The state of Chhattisgarh, where a sizable Maoist community resides, is witnessing the same problems. There are restrictions on the press’s ability to report freely, and those who do so face consequences. The state’s Chief Justice has also written to the administration about this matter, stressing that no journalist should be prevented from using his right to free speech in order to expose violations of human rights or the current circumstances.
Concern of civil servants on the fiasco surrounding UAPA and the Freedom of Speech and Expression
To reduce governmental interference with personal freedom of speech and expression, a group of former civil officials has appealed to the Supreme Court to “declare an overarching ‘fundamental structure principle’ of the Constitution preserving Freedom of Speech and Expression.” In the statement, which was supported by 108 former bureaucrats, it was stated that the removal of Section 124A from the Indian Penal Code, 1860 (IPC) while maintaining the criminalization of “unlawful activities” under the UAPA would significantly benefit the Union Government and the party currently in power at the central level.
State governments are currently free to bring cases against individuals for crimes under the IPC, including sedition under Section 124A. The Union Government is not compelled to provide approval. States that are not governed by the national political party may occasionally use Section 124A to charge supporters of the national party with sedition (as recently happened in Maharashtra). At the central level, the ruling party is helpless to stop such prosecution.
The UAPA, on the other hand, gives the state governments no authority. It states that no court may recognise a crime involving illegal activities without the prior approval of the Central Government. If Section 124A of the IPC is repealed, only the Union Government will have the authority to bring legal action against persons who spread unfavourable viewpoints about the government. This gives the Union Government a strong motive to repeal Section 124A under the guise of defending human rights while actually enhancing its capacity to draconically restrict freedom.
UAPA 2019 Amendment and hope for a brighter future
The UAPA amendment gives the government the right to violate an individual’s fundamental rights to free expression, dignity, dissent, and reputation. The burden of proof to refute the accusations falls on the person, not the government, and anyone could be labelled a terrorist at the government’s choice. The 2019 revisions to the Act violate Articles 14, 19(1)(a), and 21 of the Constitution, and the legislature has no right to take away a citizen’s fundamental rights because they constitute a fundamental component of the Constitution.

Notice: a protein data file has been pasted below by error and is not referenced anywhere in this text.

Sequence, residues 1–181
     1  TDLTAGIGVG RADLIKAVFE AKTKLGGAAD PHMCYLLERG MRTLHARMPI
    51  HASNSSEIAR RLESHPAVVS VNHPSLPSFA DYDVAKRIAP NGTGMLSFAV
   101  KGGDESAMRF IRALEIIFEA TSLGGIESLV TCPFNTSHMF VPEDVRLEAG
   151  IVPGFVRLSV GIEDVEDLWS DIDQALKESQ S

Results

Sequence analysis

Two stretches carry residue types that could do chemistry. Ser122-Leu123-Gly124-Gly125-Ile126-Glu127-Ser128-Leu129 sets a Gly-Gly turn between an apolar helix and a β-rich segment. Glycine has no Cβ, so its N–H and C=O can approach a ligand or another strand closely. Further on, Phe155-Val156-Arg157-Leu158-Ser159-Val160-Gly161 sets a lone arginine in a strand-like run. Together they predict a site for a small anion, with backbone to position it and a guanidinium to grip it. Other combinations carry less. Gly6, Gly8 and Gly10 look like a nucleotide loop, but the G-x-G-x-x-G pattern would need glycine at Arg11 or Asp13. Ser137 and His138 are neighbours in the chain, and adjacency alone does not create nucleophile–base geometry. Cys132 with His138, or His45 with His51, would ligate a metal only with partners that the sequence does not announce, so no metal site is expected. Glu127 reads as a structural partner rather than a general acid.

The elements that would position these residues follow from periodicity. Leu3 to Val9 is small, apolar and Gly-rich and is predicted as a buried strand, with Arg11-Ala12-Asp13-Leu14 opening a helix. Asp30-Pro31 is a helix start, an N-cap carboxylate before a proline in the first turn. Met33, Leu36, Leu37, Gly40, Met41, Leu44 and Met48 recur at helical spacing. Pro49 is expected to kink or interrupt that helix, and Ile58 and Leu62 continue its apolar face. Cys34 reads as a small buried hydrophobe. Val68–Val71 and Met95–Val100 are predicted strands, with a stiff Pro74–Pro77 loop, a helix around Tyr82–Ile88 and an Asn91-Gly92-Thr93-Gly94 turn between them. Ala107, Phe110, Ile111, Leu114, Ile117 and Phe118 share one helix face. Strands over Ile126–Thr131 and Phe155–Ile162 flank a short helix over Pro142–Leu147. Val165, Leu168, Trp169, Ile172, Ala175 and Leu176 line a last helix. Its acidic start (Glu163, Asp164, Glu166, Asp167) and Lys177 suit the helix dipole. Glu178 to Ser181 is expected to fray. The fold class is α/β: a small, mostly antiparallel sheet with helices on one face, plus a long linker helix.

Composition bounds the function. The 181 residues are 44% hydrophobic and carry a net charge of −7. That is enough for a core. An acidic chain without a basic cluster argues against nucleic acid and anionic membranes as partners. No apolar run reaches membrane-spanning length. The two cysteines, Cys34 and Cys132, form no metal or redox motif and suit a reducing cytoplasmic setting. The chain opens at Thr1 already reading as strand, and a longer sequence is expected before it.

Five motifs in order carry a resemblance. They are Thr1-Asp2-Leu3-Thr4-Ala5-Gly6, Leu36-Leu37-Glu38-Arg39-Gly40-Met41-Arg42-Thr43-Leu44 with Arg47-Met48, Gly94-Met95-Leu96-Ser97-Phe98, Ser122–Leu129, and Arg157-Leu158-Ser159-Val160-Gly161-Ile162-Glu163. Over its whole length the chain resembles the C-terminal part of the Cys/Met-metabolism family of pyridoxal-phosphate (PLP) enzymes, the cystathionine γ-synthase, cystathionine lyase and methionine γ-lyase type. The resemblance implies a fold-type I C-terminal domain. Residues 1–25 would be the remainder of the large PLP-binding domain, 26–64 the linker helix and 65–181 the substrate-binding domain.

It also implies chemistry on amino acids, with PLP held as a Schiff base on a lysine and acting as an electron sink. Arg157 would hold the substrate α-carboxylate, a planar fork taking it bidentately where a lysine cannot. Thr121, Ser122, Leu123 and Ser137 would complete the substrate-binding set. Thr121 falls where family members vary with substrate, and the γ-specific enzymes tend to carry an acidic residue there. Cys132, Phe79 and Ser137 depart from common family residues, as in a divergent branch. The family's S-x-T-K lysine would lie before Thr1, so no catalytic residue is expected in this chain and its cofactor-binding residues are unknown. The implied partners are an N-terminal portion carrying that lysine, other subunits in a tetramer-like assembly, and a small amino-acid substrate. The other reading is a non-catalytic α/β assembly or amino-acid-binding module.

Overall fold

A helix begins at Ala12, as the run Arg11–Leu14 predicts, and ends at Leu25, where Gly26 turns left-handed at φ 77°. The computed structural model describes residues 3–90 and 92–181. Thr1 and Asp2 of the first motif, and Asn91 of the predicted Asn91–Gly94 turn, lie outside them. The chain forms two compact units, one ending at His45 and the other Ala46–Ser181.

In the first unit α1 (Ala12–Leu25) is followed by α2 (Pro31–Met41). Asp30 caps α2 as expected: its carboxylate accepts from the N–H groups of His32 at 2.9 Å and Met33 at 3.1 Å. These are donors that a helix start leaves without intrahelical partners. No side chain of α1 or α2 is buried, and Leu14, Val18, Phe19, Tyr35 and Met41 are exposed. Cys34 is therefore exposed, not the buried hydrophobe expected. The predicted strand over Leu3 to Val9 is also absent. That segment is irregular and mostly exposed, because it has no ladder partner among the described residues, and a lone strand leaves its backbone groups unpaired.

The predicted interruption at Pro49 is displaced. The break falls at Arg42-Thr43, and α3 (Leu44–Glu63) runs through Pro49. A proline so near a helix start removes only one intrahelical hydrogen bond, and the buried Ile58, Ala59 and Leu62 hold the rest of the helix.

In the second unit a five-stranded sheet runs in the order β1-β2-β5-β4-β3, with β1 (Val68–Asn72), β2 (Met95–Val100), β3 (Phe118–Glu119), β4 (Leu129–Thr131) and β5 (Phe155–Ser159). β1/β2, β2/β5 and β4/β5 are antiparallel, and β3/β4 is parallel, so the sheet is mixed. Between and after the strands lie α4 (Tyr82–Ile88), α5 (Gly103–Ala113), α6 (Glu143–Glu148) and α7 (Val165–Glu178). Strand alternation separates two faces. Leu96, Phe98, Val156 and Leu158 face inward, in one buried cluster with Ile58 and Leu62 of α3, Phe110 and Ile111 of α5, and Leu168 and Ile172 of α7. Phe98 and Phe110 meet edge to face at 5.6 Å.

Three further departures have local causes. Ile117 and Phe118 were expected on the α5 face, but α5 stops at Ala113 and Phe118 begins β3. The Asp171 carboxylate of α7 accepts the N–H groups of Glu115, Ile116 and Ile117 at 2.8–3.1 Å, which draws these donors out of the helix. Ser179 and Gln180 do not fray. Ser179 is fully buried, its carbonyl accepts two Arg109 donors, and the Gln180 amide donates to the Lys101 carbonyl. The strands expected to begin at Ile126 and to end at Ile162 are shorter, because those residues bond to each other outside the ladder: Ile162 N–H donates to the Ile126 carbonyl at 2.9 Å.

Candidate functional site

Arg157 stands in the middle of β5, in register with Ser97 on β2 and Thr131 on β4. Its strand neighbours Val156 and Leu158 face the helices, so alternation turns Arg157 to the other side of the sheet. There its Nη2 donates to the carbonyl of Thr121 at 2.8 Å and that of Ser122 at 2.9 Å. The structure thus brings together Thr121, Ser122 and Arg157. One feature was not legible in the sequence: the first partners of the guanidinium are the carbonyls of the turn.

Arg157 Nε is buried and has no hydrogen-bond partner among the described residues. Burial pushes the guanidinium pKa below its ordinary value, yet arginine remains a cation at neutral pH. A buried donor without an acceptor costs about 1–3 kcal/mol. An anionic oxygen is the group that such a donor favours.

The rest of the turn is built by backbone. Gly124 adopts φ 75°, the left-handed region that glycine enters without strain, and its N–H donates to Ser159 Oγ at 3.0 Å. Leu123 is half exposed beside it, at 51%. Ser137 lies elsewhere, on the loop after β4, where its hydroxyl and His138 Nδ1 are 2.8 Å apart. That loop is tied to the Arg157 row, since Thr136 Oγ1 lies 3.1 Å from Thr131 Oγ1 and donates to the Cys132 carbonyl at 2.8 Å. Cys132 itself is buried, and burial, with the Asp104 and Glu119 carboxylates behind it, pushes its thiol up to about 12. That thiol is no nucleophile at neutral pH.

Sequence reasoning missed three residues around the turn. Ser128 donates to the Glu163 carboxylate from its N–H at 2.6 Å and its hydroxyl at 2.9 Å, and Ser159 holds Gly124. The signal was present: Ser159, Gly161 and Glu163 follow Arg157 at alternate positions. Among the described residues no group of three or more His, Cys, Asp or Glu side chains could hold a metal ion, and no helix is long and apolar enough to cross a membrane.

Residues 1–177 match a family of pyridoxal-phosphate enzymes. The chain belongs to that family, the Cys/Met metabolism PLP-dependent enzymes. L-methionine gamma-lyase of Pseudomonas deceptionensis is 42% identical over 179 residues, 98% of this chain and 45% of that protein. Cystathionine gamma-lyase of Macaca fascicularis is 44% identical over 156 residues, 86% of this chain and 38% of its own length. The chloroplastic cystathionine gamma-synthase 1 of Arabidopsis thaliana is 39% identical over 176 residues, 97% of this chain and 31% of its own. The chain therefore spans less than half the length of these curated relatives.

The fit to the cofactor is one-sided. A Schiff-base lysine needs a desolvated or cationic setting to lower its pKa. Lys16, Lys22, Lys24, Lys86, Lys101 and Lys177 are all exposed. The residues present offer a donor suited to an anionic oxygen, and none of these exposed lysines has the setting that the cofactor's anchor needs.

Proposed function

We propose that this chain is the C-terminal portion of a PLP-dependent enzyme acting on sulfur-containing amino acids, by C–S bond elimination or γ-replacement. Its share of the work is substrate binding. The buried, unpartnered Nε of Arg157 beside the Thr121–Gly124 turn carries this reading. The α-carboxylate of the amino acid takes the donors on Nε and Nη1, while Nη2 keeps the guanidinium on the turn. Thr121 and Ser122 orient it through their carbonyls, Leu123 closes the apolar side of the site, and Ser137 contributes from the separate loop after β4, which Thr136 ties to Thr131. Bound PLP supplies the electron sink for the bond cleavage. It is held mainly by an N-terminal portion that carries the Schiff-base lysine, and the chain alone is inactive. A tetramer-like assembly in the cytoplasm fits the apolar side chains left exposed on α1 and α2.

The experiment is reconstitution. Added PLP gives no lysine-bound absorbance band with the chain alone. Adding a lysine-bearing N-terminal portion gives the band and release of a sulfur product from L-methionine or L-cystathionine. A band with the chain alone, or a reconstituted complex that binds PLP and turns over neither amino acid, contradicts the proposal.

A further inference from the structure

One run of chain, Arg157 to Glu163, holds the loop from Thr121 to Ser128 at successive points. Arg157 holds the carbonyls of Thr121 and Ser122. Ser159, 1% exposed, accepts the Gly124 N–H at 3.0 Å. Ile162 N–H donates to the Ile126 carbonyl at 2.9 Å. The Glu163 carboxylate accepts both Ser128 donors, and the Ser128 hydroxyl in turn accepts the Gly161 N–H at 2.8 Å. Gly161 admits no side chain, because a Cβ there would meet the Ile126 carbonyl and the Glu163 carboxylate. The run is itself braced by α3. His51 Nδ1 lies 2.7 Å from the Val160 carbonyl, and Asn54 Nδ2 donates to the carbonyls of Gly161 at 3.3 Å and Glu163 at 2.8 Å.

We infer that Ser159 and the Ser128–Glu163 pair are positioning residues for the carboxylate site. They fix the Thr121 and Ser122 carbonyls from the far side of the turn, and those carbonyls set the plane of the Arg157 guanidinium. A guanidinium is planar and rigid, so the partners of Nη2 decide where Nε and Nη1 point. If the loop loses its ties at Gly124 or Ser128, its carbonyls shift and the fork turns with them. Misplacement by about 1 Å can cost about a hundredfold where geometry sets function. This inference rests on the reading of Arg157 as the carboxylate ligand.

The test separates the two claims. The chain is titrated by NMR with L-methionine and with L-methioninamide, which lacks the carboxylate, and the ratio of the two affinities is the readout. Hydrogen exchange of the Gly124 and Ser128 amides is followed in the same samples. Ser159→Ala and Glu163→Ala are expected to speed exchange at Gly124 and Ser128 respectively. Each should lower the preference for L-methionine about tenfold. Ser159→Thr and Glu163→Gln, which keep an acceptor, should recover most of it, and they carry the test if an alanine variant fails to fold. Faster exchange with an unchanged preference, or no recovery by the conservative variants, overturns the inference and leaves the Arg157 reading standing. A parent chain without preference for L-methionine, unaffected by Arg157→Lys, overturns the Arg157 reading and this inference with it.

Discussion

The term ‘terrorist’ was previously primarily used to describe organisations that supported and funded specific acts of terrorism, but recent amendments to Section 35(9) of the Act allow the government to label any individual as a terrorist without having to prove their innocence. To comply with laws, this section requires appropriate attention and modifications.
Due to the journalist’s opinions and criticism of the government, the government has started taking measures against them and accusing them of being terrorists under UAPA. The Freedom of Speech and Expression is violated by this conduct, hence it should be restricted.
Certain aspects of the newly modified UAPA, 2019, are incompatible with the nation’s legal system. In order to combat terrorism, this Act gives the government the authority to enact indirect restrictions on the right to freedom of dissent, however these provisions have unintended consequences that restrict the exchange of ideas within society. As a result of this law, numerous journalists are put on trial and ordered to retract their views on certain contentious topics just because the government believes that doing so would encourage hatred without providing any supporting evidence.
The state of Jammu and Kashmir is where the major effects can be seen. After Article 370 was repealed, the government gained control over the state. Many residents there, particularly journalists, are being tried under UAPA and being prevented from exercising their Right to Free Speech as provided by Article 19(1) of the Constitution.
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Recent judgments on the UAPA, 1967
Three landmark decisions affecting the Unlawful Activities (Prevention) Act of 1967 (UAPA) were handed down in 2021.
- The first is the regular bail granted to three student activists in the Delhi riots case of 2020, namely, Asif Iqbal Tanha, Devangana Kalita, and Natasha Narwal, after the Delhi High Court found that the police had tried to build a case on inferences and conjectures and had failed to show that their accusations were prima facie true.
- The second concerns Mohammad Irfan Gaus and Ilyas Mohammad Akbar’s acquittal by a special NIA court in Nanded, Maharashtra, in a nine-year-old UAPA case for lack of evidence. Both of them were suspected of being part of a broader LeT-led terror plot targeting politicians and the media.